Finally got my reports from soundout.com — I highly recommend it for musicians looking to get feedback on their works-in-progress from the general public since they’ve made the process of market testing easy and painless. (Except for the actual feedback part, which there’s nothing anybody can do about, sorry.) 10 feedbacks for free, or for 30 bucks you can get 80 people to listen to your music and give you commentary, which is well worth the price.
Because the website was largely geared toward a pop/rock audience, it seems like most of the reviewers were looking for a “song with lyrics” in them, which put my stuff in a somewhat awkward place. (Not that this ever discourages me, even when it probably should.) But did I find out that there were a few people who appreciated it for what it was supposed to be — an ambient track largely designed for background listening. I put my tracks in the “experimental” section since it didn’t have a section that was specific to ambient styles and basically hoped for the best. I think for the next couple of ones I’ll try to put the submissions in the “soundtrack” genre since that seems to be more appropriate…but I did get some pretty useful insights from these reports nonetheless.
Here’s a sample of what these reports look like.
OK, so some people didn’t like it. Some people thought it was boring, and a lot of the 16-24 age-range reviewers weren’t too shy about letting me know about that fact.
There was one guy in particular (a male between 35-44) who thought I was a hack and my only trick was to “play some notes on the piano over and over”. To be fair, he does have a point — that’s all I’m really doing when it comes down to it. (lol) But it’s interesting how mad some people get when they listen to music that they don’t like — I guess the medium in general just has that power to provoke that kind of emotional response.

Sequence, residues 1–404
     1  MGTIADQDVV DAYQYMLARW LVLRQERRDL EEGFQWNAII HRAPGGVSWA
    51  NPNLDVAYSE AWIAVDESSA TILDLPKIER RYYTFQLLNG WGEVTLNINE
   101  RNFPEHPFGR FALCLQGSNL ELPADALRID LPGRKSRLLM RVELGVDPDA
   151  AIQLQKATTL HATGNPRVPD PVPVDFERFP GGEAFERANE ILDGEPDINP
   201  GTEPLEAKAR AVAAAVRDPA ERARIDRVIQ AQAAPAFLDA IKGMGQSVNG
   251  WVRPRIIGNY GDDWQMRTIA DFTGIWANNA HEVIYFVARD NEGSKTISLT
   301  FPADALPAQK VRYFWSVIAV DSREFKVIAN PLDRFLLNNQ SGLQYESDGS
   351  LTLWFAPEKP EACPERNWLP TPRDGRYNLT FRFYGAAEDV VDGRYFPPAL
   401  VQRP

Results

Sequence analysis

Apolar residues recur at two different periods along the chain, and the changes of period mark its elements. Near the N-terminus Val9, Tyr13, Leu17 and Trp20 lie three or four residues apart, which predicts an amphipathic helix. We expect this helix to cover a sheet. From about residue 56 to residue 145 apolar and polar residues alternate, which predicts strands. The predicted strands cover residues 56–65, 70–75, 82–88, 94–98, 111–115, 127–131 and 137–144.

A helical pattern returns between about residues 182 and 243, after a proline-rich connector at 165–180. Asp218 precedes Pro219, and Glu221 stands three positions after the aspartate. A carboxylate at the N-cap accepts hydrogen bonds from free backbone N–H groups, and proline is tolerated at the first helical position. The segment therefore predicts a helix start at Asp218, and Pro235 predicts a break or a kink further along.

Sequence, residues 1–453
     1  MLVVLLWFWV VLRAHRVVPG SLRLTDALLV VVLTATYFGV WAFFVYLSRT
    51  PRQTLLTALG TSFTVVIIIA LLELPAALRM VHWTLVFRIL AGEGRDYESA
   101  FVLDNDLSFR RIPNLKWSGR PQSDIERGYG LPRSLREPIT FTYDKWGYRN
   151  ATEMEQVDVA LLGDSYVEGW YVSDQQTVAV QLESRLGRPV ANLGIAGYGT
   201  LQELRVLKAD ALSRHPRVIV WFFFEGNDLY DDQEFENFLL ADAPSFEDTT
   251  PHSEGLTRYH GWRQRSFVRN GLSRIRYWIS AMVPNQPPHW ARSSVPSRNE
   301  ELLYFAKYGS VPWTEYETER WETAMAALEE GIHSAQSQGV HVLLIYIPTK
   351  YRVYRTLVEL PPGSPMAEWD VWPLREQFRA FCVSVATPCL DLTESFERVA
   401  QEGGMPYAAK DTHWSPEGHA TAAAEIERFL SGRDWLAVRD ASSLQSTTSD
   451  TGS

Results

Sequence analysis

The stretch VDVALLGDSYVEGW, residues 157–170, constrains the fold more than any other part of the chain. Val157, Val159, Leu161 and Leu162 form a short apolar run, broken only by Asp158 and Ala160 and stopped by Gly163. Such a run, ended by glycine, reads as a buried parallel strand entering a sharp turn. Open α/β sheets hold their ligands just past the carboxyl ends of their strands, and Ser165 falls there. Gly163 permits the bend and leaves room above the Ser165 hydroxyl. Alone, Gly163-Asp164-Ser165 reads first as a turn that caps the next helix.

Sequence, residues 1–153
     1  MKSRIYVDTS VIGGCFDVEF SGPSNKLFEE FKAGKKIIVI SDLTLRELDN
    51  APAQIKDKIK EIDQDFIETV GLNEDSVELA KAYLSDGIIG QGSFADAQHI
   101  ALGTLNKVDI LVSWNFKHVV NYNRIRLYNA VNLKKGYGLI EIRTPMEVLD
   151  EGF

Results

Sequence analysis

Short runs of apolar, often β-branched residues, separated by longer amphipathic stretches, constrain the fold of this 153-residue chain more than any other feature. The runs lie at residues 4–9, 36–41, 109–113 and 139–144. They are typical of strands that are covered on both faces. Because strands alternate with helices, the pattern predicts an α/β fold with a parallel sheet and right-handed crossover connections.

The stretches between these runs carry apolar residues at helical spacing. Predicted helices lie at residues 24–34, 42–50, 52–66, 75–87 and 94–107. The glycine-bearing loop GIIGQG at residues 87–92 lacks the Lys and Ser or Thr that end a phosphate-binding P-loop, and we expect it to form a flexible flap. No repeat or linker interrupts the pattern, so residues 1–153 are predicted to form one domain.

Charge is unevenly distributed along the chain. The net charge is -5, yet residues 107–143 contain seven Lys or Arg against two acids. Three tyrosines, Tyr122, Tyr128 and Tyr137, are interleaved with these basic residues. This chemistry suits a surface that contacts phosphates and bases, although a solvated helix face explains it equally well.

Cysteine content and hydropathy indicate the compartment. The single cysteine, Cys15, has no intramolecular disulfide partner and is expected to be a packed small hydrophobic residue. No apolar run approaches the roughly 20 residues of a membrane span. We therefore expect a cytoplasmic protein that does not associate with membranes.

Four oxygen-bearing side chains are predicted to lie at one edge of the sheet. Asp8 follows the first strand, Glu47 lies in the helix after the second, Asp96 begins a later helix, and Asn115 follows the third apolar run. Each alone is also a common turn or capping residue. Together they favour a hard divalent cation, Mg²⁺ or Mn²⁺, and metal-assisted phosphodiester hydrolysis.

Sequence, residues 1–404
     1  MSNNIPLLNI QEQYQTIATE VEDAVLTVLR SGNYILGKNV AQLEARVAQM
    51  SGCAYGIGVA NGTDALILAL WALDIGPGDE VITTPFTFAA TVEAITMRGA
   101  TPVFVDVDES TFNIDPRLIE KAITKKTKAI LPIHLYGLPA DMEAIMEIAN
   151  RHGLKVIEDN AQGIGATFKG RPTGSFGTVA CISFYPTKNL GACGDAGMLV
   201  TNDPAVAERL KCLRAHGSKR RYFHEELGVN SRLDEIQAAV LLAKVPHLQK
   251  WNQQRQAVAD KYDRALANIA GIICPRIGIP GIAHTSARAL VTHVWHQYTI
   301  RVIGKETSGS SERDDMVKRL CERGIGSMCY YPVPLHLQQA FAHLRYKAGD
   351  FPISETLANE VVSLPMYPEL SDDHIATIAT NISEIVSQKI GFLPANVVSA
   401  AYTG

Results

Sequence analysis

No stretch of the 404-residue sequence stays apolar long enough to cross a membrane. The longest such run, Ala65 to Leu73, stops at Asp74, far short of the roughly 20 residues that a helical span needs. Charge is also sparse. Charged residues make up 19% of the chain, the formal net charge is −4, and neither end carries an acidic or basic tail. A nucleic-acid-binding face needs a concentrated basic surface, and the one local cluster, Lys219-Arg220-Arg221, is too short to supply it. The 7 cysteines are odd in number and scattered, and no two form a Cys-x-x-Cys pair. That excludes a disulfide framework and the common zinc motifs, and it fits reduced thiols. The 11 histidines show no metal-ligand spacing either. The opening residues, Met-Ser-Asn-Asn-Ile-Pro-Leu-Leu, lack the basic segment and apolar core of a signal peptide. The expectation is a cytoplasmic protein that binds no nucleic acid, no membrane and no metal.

On the “consensus vs. divided opinion” measurement, I was waaaay on the divided side of the scale, which meant that my chances at mass-market appeal was zero to nonexistent. Bummer. But I did get a few very nice responses, such as this one:
I thought that the piano track was really out of this world, unlike anything I can ever recall hearing. The song was evocative, transportive, and immersive, and really captivated me from the opening bars. This song was ineffable in its sublimity, and really created a sonic dreamscape on the walls of my imagination. The song had a reverberant resonance and an exhilarating sonority to it that really made the hairs on my arms stand up.
I marveled at the originality of the sound, and the majestic, symphonic aesthetic that the song created. I had a hard time placing any one particular instrument, with the possible exception of the piano playing which was clearly the work of a true virtuoso. The musicianship was just astonishing on this track, and I think it really takes a true craftsman to create an instrumental piece of music as lush as this one.
This was definitely a deviation for the norm for a rock and roll enthusiast like myself, but it was a most welcome one. While this kind of music might not be for everyone, those with more cultured, refined, and eclectic tastes will be mightily impressed by what they hear here. It was quite a trip, and I thank the band for taking me on it.
-Female Reviewer, Age 25-34
She and a few others on the reviewers list were the ones that really “got” what I was trying to do, and it made me happy to see that there were people like them out there. You can’t please everyone, but strong responses from a small group of people tend to easily make up for comments that were largely negative or indifferent — which was, honestly speaking, the vast majority of them.
Out of 80 comments total, there was about 3-5 very positive comments, 10-15 people who liked it as a generic background, 10-15 people who really hated it, while the rest were largely indifferent or not really sure what to have made of it. From the things I’ve learned from entrepreneurs and “Lean Startup” principals, the next step would be to focus really strongly on those 3-5 and try to establish a strong connection with them.